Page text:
Equatorial Kenya has been blessed with an uninterrupted solar supply 365 days in an year and the government has seemed oblivious to this fact. Rural Kenya has been a beneficiary of the rural electrification project that has tried to connect more people to the national power grid that is already grappling with power shortages and inadequate supply to the fast growing economy. Understandably rural Kenya demand for power is not that high but penetration has also been an issue for the project. Rural homes grapple with high prices of fuel used primarily for lighting as firewood remains the most preferred cooking fuel. Most of the projects undertaken many companies and individuals have been small scale and has involved supply of solar lanterns. This, however small can have a great impact of these families lives. On average it is estimated that these families use about 75/= a day on kerosene and in an economy where most people live on a dollar a day that amount is ridiculously high! If we get enough lanterns into these homes we could solve a problem that could seem hard in a very simple way.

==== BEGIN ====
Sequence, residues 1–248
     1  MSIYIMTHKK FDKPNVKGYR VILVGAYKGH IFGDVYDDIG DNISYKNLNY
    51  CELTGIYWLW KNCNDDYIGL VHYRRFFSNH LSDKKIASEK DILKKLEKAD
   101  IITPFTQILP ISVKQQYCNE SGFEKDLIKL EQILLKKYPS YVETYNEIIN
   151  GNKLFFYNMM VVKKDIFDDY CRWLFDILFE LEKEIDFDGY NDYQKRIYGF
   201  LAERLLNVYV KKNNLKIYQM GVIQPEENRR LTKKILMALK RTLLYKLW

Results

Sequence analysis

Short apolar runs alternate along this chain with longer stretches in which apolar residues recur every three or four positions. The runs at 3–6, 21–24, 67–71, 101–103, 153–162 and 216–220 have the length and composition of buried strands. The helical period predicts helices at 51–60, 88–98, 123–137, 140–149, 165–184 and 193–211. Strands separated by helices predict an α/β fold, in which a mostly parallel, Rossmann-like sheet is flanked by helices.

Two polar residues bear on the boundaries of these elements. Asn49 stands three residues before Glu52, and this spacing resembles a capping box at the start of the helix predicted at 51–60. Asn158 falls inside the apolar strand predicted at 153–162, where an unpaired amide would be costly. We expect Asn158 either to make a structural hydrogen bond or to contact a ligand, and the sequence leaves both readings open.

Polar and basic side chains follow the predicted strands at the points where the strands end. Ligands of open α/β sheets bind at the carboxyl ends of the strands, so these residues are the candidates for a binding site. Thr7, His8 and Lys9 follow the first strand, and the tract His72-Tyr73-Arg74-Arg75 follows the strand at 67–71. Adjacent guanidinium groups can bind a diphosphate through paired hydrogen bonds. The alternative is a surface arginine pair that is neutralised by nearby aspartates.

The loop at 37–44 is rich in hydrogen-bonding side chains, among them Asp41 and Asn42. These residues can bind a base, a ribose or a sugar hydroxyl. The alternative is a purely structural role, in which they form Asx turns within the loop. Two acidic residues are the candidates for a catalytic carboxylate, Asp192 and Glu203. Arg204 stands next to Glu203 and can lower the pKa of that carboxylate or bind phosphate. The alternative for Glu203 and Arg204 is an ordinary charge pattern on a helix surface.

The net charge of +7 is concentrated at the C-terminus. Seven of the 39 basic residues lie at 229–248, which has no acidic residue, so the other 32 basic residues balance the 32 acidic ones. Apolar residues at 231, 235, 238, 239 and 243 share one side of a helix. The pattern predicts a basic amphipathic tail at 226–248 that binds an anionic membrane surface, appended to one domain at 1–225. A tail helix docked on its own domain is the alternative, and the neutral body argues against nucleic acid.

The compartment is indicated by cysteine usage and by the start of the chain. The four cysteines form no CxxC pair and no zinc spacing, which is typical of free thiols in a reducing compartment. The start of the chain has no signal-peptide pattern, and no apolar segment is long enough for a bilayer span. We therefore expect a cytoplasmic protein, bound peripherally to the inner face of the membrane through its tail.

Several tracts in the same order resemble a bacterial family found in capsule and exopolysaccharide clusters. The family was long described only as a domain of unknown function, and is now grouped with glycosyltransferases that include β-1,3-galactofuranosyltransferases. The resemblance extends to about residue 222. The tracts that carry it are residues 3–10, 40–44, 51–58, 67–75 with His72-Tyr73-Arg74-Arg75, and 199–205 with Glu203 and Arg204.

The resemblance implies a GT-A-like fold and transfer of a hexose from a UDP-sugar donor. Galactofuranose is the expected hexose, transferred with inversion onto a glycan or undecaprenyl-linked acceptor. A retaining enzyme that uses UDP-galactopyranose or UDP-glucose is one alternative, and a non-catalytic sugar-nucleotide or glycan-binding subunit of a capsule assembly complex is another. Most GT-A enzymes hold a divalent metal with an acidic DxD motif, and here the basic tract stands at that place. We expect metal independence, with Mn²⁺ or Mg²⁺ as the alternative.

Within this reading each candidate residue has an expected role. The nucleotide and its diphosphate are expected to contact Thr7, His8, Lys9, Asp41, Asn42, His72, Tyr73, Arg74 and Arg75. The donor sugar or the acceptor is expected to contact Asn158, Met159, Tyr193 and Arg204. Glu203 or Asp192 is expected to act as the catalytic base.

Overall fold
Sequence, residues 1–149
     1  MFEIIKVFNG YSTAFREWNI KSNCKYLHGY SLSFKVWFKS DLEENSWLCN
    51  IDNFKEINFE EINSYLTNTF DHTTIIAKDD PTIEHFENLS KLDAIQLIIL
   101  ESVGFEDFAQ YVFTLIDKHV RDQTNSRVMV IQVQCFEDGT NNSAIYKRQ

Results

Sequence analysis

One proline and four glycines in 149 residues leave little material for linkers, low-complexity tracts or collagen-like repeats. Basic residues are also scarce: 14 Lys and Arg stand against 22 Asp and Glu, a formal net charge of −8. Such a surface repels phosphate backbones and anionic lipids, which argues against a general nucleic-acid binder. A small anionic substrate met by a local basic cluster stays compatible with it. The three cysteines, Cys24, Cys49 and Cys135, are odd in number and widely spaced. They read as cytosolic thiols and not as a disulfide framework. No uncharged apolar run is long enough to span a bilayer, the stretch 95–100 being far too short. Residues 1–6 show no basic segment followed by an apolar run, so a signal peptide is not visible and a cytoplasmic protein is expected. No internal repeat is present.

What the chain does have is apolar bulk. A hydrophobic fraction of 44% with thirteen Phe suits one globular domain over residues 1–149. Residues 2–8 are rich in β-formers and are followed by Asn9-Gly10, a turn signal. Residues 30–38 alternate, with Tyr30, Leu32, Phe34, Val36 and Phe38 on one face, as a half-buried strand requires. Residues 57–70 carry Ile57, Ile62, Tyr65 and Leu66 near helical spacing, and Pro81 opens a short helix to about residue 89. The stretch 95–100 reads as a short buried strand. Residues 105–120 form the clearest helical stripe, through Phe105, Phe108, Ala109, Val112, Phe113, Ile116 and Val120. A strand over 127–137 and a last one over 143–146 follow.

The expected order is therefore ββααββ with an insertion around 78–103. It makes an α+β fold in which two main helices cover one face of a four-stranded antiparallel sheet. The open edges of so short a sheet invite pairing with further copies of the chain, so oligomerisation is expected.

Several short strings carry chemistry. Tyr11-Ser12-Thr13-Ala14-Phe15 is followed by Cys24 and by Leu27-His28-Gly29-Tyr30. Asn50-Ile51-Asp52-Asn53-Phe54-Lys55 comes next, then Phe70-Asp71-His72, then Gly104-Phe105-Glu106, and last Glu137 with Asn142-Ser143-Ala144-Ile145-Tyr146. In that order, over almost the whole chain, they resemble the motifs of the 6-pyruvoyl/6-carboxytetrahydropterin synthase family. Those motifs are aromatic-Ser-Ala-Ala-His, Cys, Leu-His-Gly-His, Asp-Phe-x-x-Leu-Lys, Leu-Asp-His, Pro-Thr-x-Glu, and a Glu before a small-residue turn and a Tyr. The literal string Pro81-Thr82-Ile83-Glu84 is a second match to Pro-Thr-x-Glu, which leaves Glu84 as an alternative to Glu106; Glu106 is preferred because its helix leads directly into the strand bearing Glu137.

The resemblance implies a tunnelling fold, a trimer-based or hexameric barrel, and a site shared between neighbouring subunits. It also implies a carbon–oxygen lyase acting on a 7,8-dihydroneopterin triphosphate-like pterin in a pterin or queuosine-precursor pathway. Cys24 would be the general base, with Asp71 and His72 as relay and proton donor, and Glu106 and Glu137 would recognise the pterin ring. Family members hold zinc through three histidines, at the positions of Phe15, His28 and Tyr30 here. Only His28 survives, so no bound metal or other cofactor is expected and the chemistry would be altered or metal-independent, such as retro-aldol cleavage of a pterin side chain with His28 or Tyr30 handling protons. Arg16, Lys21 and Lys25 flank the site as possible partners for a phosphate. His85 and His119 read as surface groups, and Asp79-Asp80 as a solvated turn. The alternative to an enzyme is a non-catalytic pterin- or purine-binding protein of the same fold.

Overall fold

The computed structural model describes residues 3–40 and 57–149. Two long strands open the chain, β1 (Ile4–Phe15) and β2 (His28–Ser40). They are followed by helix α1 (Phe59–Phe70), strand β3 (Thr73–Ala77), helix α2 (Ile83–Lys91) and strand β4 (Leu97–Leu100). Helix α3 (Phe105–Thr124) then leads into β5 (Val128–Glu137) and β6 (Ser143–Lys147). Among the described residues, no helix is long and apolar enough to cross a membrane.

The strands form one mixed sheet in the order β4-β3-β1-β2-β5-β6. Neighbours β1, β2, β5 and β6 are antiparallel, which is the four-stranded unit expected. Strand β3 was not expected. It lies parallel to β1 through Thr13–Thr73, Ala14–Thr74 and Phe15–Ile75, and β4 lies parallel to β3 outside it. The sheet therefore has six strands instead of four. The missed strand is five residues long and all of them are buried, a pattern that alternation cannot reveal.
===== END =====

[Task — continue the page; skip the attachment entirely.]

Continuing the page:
This model would have worked very well on the lighting along the Thika Super highway.